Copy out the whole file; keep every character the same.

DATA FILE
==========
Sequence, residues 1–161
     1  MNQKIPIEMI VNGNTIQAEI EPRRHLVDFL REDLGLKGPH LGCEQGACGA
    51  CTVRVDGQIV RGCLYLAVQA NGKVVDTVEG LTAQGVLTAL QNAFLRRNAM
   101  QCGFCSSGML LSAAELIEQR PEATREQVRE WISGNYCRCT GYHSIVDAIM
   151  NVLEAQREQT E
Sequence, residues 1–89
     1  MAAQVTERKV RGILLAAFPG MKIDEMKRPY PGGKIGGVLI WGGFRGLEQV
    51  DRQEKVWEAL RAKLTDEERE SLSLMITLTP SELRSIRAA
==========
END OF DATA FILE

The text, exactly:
Sequence, residues 1–161
     1  MNQKIPIEMI VNGNTIQAEI EPRRHLVDFL REDLGLKGPH LGCEQGACGA
    51  CTVRVDGQIV RGCLYLAVQA NGKVVDTVEG LTAQGVLTAL QNAFLRRNAM
   101  QCGFCSSGML LSAAELIEQR PEATREQVRE WISGNYCRCT GYHSIVDAIM
   151  NVLEAQREQT E
Sequence, residues 1–89
     1  MAAQVTERKV RGILLAAFPG MKIDEMKRPY PGGKIGGVLI WGGFRGLEQV
    51  DRQEKVWEAL RAKLTDEERE SLSLMITLTP SELRSIRAA